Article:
The same pony, with one predominantly blue and one
predominantly gold eye (and an occluding spot over his blaze)

Some time after that post was made, I ran across a paper on Blue-Eyed White (BEW) alpacas. In that paper, the blue-eyed white phenotype was linked to the presence of two mutations to KIT. The alpacas, which were uniformly blue-eyed, were compound heterozygotes for two different white patterns (bew1 and bew2), both located at KIT. Since that time I have been able to confirm with one of the researchers that there were no mutations at the sites associated with splashed white in horses that could be correlated with the blue eyes on these alpacas.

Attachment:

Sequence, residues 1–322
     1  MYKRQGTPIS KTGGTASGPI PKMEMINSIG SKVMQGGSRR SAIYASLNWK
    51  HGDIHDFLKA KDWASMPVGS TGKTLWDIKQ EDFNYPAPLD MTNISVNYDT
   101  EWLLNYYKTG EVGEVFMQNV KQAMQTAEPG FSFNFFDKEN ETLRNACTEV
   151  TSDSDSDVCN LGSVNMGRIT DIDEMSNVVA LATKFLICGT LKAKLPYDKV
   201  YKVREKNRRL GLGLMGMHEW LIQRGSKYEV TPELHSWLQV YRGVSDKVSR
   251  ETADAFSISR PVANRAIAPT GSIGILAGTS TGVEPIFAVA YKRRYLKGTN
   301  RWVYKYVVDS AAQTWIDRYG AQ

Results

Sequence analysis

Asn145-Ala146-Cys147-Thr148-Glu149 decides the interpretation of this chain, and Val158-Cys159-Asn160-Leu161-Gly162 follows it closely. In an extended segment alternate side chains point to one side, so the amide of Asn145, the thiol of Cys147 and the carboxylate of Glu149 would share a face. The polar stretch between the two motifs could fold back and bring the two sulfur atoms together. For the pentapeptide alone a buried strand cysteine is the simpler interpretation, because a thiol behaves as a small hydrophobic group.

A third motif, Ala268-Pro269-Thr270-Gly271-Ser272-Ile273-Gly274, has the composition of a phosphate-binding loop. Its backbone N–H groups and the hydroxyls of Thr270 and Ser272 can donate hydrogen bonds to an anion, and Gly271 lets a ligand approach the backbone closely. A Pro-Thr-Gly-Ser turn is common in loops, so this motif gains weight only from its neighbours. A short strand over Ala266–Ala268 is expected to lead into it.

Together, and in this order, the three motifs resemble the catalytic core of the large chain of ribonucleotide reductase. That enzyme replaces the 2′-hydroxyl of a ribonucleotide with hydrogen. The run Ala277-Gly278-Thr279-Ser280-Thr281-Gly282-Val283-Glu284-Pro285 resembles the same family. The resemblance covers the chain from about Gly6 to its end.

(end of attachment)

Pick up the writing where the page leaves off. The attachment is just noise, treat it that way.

Then just this month a paper was published linking the blue-eyed white phenotype in cats – called Dominant White (W) – to a mutation on KIT. In that study, the authors were quite clear about the connection between KIT and blue eyes.

In the population sample, we were also able to examine the correlation between genotype at the W locus and iris color. An individual that is homozygous W is much more likely to have blue iris, exhibiting odds 77.25 times larger than the odds of having blue irises of a genotype other than W/W (p < 0.0001).  An individual that is heterozygous (W/w+) also demonstrates increased odds of having blue iris (OR=4.667), four times larger than the odds of having blue irises of a genotype other than W/w+ (p=0.046) The odds of having blue irises of a wild type individual is 0.